While vertical farms are proliferating in urban centres across the developed world, the vast majority of these are used to grow vegetables – principally, salad greens.
To date, few studies have explored at how these facilities could be used to grow staple crops.
Bucking the trend, scientists at the University of Florida recently used a simulation tool to compare the likely yields of field-grown wheat with those of wheat grown hydroponically under LEDs, in stacked layers, in vertical farms housed in shipping containers, tunnels and warehouses.
The researchers found that a 10-floor vertical farm occupying one hectare of ground space and operating under optimal conditions could, potentially, generate wheat yielding about 600 times more grain than the average amount that would be produced on the equivalent amount of farmland. When they entered values simulating conditions in a 100-floor vertical farm, the model forecast a yield 6,000 times more than that of a one-hectare wheat field.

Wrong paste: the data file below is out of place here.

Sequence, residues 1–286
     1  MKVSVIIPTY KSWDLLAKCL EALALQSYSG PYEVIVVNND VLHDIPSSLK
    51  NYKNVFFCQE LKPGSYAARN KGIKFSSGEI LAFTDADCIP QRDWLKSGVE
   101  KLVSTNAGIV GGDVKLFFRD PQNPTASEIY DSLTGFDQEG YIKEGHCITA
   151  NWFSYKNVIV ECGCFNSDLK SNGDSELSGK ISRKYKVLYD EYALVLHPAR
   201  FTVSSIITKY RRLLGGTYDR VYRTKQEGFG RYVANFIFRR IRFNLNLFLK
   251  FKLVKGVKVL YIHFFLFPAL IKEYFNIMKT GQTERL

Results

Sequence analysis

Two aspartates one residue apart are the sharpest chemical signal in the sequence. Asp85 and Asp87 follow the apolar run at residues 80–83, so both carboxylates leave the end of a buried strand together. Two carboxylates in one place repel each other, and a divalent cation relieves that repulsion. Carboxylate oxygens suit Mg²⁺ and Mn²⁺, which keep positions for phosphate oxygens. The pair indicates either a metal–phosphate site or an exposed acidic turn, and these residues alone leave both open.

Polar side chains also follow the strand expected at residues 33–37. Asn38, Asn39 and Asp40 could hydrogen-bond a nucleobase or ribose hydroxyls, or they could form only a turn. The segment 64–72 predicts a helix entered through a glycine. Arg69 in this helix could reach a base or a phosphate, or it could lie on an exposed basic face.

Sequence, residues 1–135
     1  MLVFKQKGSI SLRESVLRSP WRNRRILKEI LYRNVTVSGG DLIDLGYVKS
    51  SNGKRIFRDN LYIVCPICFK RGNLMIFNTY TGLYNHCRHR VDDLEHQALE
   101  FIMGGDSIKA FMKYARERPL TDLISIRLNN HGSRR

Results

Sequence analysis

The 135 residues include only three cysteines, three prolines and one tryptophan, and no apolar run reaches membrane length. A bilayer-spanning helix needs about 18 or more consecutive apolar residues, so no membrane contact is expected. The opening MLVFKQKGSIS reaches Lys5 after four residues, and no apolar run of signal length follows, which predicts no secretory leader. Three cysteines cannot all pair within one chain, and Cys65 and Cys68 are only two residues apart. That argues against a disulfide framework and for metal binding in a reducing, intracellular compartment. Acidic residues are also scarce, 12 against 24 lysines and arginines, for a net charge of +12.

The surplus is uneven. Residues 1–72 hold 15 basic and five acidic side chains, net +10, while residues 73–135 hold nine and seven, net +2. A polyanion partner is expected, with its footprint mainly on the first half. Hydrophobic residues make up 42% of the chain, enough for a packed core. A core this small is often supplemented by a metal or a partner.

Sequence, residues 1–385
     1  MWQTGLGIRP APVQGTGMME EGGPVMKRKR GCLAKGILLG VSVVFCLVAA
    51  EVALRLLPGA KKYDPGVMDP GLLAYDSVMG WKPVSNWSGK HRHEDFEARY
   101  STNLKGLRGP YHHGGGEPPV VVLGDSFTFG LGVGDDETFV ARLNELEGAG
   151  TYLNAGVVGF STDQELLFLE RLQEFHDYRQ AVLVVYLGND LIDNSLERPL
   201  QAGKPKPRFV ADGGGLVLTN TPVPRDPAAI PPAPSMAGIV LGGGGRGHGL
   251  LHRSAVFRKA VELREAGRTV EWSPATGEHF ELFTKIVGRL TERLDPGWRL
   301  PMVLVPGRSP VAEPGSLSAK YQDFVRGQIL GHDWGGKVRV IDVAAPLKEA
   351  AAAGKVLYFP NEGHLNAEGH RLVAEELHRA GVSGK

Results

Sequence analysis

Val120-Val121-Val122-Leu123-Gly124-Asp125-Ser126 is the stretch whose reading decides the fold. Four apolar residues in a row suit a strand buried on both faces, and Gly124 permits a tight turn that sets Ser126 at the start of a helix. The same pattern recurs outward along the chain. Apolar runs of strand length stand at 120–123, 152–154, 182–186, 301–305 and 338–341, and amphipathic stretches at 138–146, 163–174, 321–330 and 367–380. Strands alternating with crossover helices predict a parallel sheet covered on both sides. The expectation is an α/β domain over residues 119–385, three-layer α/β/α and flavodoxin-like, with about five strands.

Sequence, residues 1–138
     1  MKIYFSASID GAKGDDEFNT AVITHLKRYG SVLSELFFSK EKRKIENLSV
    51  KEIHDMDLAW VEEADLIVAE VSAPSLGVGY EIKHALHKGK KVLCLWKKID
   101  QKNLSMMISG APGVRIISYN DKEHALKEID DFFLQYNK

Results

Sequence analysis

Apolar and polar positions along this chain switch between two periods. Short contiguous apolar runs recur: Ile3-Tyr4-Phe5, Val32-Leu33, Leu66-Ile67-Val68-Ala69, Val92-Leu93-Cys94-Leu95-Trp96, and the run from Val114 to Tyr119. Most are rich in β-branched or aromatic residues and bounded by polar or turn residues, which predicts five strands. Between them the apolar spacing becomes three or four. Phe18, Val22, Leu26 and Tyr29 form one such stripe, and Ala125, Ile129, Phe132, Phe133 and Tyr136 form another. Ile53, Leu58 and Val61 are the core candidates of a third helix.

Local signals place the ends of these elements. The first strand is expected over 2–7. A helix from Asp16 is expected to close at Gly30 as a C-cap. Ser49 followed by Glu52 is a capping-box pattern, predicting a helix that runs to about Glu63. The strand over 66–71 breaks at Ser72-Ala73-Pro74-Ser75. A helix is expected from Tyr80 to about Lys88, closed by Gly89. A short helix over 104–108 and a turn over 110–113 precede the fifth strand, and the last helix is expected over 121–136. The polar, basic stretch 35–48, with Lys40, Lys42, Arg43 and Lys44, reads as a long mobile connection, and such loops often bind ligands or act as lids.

The study, published in Proceedings of the National Academy of Sciences, demonstrates the potential to grow exponentially more wheat in a vertical farm than would be possible on the same amount of land outdoors.
Currently, a major barrier to commercialisation is the energy cost associated with powering indoor farming facilities – however, given the environmental benefits and food-security potential of this farming method, government subsidies might help offset these costs until reliable renewable energy becomes widely available and affordable.
Read the full story in Modern Farmer.